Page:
Four distinct stages, planning, design, construction and completion

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The construction life cycle of a project has four distinct stages, planning, design, construction and completion (Cushman et al 2001). Management planning should be instigated at the start and developed through the project stages. Effective communication is essential to the management process, so that essential data can be shared and used to manage a scheme (Chitkara 1998).

A successful project is, on time, within budget and to the client's aesthetic, functional and quality requirements. It is more likely to be profitable and could lead to procurement of further work (Flanagan and Norman 1993).

Westland (2007) argues that a number of separate but inter-related plans are required to effectively co-ordinate, control and monitor a project through its life cycle. Each deal with separate management issues but are closely inter-related (Woodward 1997).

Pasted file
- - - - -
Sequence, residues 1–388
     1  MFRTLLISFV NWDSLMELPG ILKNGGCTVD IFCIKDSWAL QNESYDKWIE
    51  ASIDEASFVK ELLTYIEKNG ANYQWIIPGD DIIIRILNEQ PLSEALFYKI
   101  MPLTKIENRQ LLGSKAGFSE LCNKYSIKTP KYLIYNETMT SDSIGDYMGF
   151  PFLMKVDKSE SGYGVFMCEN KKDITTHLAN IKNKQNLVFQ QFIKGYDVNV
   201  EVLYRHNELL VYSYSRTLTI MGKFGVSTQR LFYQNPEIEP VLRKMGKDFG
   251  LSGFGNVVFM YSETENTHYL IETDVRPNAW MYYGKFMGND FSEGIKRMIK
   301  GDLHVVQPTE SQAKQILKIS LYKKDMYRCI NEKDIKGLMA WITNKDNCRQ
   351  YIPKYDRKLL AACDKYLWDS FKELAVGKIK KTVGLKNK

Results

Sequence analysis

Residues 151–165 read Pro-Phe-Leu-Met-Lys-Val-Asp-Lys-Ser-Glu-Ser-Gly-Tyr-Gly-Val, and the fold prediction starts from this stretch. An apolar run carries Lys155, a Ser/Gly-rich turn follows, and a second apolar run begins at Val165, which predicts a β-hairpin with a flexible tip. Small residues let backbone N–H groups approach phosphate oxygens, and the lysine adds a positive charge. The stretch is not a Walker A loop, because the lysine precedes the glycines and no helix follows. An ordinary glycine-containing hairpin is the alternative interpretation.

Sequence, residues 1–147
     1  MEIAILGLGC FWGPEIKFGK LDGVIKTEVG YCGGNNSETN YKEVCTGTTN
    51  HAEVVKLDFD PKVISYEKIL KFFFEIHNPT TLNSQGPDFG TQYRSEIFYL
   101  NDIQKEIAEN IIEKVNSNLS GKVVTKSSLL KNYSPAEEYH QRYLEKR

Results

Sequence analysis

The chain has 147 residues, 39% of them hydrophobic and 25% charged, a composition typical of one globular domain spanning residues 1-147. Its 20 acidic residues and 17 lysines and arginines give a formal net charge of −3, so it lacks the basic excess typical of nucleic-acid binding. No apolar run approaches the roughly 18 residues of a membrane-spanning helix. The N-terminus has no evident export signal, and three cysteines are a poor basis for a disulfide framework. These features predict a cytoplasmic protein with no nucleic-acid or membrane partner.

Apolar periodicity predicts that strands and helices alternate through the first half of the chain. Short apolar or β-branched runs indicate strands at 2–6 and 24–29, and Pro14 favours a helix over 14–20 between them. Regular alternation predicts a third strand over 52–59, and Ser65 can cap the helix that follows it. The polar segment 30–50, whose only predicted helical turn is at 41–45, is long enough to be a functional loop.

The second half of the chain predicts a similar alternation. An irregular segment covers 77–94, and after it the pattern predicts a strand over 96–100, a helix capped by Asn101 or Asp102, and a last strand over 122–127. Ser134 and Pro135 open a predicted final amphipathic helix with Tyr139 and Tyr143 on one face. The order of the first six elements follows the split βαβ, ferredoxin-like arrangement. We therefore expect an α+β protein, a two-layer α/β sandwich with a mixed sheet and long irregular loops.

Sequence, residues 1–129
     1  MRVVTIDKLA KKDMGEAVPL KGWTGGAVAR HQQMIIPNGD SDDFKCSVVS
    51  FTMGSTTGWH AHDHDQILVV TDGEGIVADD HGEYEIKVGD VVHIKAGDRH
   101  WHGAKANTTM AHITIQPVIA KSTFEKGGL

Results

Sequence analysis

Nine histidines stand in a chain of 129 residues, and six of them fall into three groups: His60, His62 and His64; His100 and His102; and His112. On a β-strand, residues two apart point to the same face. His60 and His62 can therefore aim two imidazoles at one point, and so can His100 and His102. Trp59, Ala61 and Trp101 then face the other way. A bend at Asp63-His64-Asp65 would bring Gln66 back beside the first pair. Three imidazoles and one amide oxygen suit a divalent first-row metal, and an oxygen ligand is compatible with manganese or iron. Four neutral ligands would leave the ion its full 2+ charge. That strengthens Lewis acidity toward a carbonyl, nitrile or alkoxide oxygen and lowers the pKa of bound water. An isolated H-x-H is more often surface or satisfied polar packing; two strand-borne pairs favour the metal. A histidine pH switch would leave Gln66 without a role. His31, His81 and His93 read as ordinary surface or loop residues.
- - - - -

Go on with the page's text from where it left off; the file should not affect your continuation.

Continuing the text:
A project plan details the activities, tasks and timeframes of a project. It highlights critical and non-critical activities. A resource plan is based on the project plan; using the detailed design and specification, with knowledge of construction materials, equipment and manpower; it forecasts the labour, equipment and materials required for each activity and task.

Statistics show that the construction industry had approximately 28% more bankruptcies than other industry in 2010 (Construction Europe 2010). A major cause of bankruptcy is inadequate cash flow resources. Monitoring cash flow is important to ensure that the contractor has sufficient funds or credit to cover his financial obligations (Harris et al 2006). A financial plan must include monitoring cash flow by means of resources costs, interim and final payments received and paid out (Westland 2007).

Quality must be planned and monitored with targets, assurances and quality control measures to ensure the client is handed a functional scheme that satisfies all design and planning regulations (Chitkara 1998).

Construction is inherently a dangerous industry. Statistics show that there is an unacceptable rate of 2.2 deaths per 100,000 in construction, compared with 0.9 for manufacturing ( ). A project health and safety plan will minimise accidents and casualty rates.